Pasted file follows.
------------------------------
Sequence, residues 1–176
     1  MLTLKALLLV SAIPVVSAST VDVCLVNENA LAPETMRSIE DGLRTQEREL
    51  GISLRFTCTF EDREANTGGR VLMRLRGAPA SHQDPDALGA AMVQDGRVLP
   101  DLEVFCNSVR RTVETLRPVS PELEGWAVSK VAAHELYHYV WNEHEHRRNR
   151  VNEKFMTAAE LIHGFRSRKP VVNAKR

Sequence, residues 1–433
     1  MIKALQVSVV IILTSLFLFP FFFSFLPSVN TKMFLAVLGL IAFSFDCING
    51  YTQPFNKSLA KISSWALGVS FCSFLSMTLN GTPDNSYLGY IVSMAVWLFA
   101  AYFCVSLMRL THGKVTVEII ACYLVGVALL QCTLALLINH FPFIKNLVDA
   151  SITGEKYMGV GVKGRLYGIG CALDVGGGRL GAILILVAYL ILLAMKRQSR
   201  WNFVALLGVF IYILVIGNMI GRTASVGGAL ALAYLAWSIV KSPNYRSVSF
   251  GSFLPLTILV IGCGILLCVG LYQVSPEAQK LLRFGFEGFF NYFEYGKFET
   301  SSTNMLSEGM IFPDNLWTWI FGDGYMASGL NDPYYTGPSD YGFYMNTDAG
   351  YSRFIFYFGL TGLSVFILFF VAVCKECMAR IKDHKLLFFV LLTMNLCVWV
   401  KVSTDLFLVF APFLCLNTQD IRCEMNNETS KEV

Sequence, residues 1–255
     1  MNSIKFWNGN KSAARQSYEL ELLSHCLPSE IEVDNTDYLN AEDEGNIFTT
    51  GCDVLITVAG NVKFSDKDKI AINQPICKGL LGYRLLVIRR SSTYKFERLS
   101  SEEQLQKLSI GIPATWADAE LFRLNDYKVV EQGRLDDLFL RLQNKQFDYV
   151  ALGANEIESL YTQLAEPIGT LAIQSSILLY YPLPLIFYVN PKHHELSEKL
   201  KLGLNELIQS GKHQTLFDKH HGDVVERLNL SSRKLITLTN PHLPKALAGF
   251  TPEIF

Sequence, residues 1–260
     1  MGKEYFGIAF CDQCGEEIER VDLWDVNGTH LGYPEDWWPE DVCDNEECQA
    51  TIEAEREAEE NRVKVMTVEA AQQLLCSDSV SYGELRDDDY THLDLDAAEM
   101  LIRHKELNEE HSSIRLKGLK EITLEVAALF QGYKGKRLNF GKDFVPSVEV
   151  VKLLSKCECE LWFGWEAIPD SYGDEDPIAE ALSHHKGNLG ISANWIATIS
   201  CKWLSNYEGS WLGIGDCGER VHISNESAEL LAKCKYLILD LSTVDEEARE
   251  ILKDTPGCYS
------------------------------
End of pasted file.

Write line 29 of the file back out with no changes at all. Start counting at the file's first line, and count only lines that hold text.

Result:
   251  ILKDTPGCYS